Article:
CNN’s self-proclaimed Reality Check Team took several statements made by candidates in the Republican Presidential Primary debate on February 13 and declared them either “true” or “false,” with varying degrees of in-between. Tami Luhby, a CNNMoney correspondent took up Ted Cruz’s claim that the United States has “the lowest percentage of Americans working today in any year since 1977” and declared it to be unambiguously false. One can parse Cruz’s words and complain that he did not clearly state whether he meant workers in America, or just American citizen workers. And he did not use the official phraseology of the federal agency that collects labor force statistics, but what he said wasn’t false.
Cruz has relied on this talking point before, as Luhby pointed out in her piece. In fact, Cruz said almost the same thing in response to President Obama’s rosy portrayal of the U.S. economy in January's State of the Union address. At the time, PolitiFact found Cruz’s statement to be correct, though using inimitable PolitiFact logic, they declared it to be “Mostly True” because it might not be true at some point in the future.
Anyone who has followed the primary campaign knows that this has become a standard attack by Cruz of Obama’s economic record. Sometimes Cruz uses the term “participation rate;” sometimes he says, as he did in the debate, “percentage of Americans working.” Because he always refers to a particular year, anyone with a basic familiarly with the monthly jobs numbers put out by the Bureau of Labor Statistics understands exactly what he is referring to.
What Cruz refers to is the labor force participation rate. In January it was 62.7 percent, the lowest it has been since December 1977/February 1978. That rate is determined by dividing the civilian labor force -- all people of working-age officially classified as either employed or unemployed -- by the civilian noninstitutional population. The latter category is the total population over the age of 16.
In her attempt to prove Cruz wrong, Luhby used the employment-population ratio for January, which was 59.6 percent. That ratio is found by excluding the unemployed and dividing only the number of employed by the civilian noninstitutional population. Because that percentage is slightly higher than it was 1977, when the labor market was poor and before women permanently entered the workforce in large numbers, Luhby declares Cruz’s statement to be “false.” But Cruz isn’t wrong unless he was touting the figure Luhby uses, which clearly he wasn’t. And because individuals in jail or serving in the military are not counted as part of the civilian population, Cruz may be correct no matter how you look it at due to the exponential increase in the prison population since the 1970s.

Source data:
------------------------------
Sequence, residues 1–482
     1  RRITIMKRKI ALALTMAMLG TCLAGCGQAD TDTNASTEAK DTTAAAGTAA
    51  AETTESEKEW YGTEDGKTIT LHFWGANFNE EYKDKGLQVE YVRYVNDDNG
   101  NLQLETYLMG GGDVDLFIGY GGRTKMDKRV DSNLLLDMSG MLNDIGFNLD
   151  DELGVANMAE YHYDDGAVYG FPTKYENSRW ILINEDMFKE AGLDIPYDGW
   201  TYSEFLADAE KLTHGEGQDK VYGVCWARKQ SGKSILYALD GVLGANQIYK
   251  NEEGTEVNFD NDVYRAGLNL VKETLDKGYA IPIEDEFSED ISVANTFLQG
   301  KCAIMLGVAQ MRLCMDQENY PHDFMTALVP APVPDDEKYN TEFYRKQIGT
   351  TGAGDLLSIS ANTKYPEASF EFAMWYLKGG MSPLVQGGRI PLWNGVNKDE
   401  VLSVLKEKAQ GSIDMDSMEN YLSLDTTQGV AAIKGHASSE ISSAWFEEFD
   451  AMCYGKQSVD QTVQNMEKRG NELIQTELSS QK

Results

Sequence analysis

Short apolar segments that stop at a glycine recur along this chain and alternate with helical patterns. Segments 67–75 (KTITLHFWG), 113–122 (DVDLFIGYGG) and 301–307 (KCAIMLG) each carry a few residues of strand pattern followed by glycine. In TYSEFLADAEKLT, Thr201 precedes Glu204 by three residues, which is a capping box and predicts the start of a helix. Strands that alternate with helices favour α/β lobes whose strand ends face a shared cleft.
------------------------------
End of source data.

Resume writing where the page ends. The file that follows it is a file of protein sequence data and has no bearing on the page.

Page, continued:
Both measures cited come from the BLS and both have their uses. Cruz’s number actually gives a more accurate picture of recent trends in the labor market, according to the BLS, because it includes those who are working and the unemployed who are actively seeking a job. The employment-population ratio, on the other hand, is more often used to analyze long-term trends (often over decades) and to make projections about future participation rates. Almost any economist you read or hear commenting on the labor market to a general audience refers to the labor participation rate, not the employment-population ratio. Maybe Luhby is unaware of this, or perhaps she was intent on taking a shot at Cruz while downplaying the structural unemployment crisis in this country.
Luhby’s analysis of Cruz’s statement for CNN highlights a real problem in contemporary journalism. The trend now is for reporters to “explain” the news to their audience. That is bad enough when many reporters lack even a basic understanding of the topic they are trying to explain. It is even worse when reporters do know the topic and deliberately mislead their readers by only including or omitting facts and statistics that suit their narrative. It violates journalistic ethics when reporters come up with an arbitrary measure of truth to misrepresent facts or to distort someone’s else words. Yes, some statements are clearly false, like just about everything Marco Rubio says about his work on immigration in the Senate, but a politician is not lying whenever they say something a journalist doesn't like or disagrees with -- or even when they use inexact language.
Here our biggest complaint is that, while Cruz talks a lot about unemployed Americans and immigration, he rarely talks about two issues as being interrelated. But at least he is bringing attention to the fact that we have a real problem on our hands; a fact glossed over by CNN’s criticism of how Cruz stated it. Again, one can quibble with Cruz’s lack of absolute precision in getting his point across, but Luhby’s response was not a quibble, it was a take-down.
“It depends on how you measure it” is the correct characterization of Cruz’s statement. However, you measure it, though, the U.S. labor market is in the worst shape it's been in four decades.
ERIC RUARK is the Director of Research for NumbersUSA
Updated: Mon, Feb 29th 2016 @ 6:40pm EST